Depression is a treatable mental health condition; unfortunately, well under half of American adolescents who have been diagnosed with depression are receiving professional treatment. And when left untreated, the consequences can be extremely serious. Some of these negative outcomes are social impairment, long-term effects on cognitive development, and general life dissatisfaction. Teens who do not receive proper treatment for their depression are also at a much greater risk of recurring symptoms later in life. The good news is depression is treatable!

Is My Adolescent Depressed?

The symptoms of depression are often difficult for parents to identify. At times, depression is confused with the typical feelings and emotions associated with going through puberty and adjusting to being a teenager. However, depression is much more serious than  appearing bored and irritable.

Some signs of adolescent depression include:

  • Expressing emotions of sadness
  • Unhealthy changes in weight and/or diet
  • Decreased interest in activities your teen once enjoyed
  • Fatigue
  • Difficulty concentrating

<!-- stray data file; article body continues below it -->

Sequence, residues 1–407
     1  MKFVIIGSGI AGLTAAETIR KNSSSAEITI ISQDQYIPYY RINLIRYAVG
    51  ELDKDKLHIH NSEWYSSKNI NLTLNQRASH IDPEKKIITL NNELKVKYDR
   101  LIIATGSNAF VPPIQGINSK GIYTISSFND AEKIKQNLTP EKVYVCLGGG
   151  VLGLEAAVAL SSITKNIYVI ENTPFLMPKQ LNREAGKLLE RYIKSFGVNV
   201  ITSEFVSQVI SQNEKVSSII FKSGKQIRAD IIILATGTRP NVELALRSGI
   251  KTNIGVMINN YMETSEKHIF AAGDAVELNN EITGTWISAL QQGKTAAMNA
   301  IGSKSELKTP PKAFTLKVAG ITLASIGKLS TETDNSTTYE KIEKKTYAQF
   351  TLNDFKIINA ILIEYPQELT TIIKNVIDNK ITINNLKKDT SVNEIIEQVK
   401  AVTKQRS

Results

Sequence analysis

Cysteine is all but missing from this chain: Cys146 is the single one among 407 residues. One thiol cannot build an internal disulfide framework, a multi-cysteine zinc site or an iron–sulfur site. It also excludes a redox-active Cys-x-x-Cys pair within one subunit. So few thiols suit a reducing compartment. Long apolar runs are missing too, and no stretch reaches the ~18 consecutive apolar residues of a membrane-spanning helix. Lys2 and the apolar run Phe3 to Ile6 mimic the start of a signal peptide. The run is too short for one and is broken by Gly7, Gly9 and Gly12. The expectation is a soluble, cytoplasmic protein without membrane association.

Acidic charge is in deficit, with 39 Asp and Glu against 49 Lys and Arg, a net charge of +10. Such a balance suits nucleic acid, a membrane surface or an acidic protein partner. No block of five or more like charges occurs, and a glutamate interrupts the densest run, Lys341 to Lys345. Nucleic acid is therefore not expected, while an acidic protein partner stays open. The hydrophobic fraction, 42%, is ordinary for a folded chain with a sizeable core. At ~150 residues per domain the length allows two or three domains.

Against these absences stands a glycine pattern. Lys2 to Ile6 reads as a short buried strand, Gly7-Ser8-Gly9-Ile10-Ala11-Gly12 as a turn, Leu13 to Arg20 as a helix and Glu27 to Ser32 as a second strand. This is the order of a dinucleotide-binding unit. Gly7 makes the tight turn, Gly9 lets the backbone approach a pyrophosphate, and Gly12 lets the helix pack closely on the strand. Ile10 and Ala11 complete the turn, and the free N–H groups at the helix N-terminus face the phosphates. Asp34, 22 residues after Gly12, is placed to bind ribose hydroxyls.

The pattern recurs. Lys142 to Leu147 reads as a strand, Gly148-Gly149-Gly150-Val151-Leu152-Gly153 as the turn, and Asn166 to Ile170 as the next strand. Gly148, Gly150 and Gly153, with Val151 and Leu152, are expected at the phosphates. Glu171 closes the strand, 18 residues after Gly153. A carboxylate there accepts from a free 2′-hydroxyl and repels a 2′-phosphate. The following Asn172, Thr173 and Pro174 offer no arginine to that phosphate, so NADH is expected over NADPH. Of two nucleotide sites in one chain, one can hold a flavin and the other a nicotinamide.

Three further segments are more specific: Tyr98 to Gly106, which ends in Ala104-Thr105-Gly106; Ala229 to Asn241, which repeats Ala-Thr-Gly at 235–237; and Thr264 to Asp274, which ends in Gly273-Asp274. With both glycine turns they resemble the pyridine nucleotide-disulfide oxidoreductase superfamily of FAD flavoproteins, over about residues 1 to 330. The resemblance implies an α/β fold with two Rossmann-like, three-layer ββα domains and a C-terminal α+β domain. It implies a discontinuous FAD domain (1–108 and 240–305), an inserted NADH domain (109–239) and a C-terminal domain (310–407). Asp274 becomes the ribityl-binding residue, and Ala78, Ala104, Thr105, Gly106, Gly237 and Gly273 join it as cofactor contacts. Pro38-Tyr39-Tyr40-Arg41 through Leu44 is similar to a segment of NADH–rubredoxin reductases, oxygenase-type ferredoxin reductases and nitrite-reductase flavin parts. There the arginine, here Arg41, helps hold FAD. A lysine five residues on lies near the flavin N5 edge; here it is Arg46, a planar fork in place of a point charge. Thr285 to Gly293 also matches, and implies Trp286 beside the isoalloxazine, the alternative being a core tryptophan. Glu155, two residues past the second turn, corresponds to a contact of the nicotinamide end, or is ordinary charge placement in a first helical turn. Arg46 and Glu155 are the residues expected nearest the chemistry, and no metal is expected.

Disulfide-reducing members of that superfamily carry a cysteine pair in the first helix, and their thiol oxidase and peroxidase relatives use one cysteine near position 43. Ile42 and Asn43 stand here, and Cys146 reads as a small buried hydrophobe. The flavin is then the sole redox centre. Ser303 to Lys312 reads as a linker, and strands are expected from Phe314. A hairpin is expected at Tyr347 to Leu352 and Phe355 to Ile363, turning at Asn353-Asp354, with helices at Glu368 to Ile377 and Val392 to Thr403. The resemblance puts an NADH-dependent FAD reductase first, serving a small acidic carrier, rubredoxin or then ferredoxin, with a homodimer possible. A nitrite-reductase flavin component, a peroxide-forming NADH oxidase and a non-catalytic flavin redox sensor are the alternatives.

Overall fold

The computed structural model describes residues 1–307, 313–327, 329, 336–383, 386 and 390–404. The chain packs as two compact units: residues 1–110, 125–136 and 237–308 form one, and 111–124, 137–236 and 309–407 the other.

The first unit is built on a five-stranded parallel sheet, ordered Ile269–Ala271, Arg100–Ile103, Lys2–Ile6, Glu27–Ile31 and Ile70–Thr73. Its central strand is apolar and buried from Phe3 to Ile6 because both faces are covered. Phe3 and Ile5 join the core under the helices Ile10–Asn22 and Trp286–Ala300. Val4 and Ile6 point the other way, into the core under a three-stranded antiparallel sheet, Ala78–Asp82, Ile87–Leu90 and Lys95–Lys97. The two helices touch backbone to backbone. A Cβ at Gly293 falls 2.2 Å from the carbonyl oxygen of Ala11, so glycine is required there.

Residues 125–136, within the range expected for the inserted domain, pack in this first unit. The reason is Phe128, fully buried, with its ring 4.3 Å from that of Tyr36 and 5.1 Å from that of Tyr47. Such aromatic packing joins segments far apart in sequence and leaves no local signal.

• Substance abuse
  • Feelings of guilt, worthlessness, and/or self-remorse
  • Difficulty sleeping
  • Mentions suicide in conversation
  • Withdrawal from friends and/or other activities
  • Significant decrease in academic performance
girl sitting with laptop

How Does Counseling Help?

At Suffolk Counseling Services, our licensed mental health counselors can diagnose depression. We also have a trusted network of medical professionals to refer you to or we can collaborate with your current doctor. Talk therapy is the most common type of therapy and includes regular sessions with one of our licensed therapists. Cognitive Behavioral Therapy (CBT) is used to reframe thought patterns in order to replace negative thoughts and emotions with positive ones.

Our therapists also teach adolescents to separate realistic thoughts from unrealistic ones, and we encourage them to practice what is learned in therapy outside of the office. During parent meetings, our therapists will work with you to ensure progress is being made at home and in school, and we can also give advice on how your family can effectively manage your  teenager’s symptoms.

National Suicide Prevention Lifeline: (800) 273-TALK (8255)

This 24-hour suicide prevention helpline specializes in handling all situations related to suicide and emotional distress

The Trevor Project: (866) 488-7386

A 24-hour depression hotline for suicidal LGBTQ youth.

Crisis Text Line: Text HOME to 741741

This 24/7 crisis text line for anyone in crisis connects you with a trained counselor via text.

National Hopeline Network: (800) 442-HOPE (4673)

This 24-hour depression hotline is for people who are depressed and thinking about suicide. When you call, you will be connected with a crisis hotline volunteer.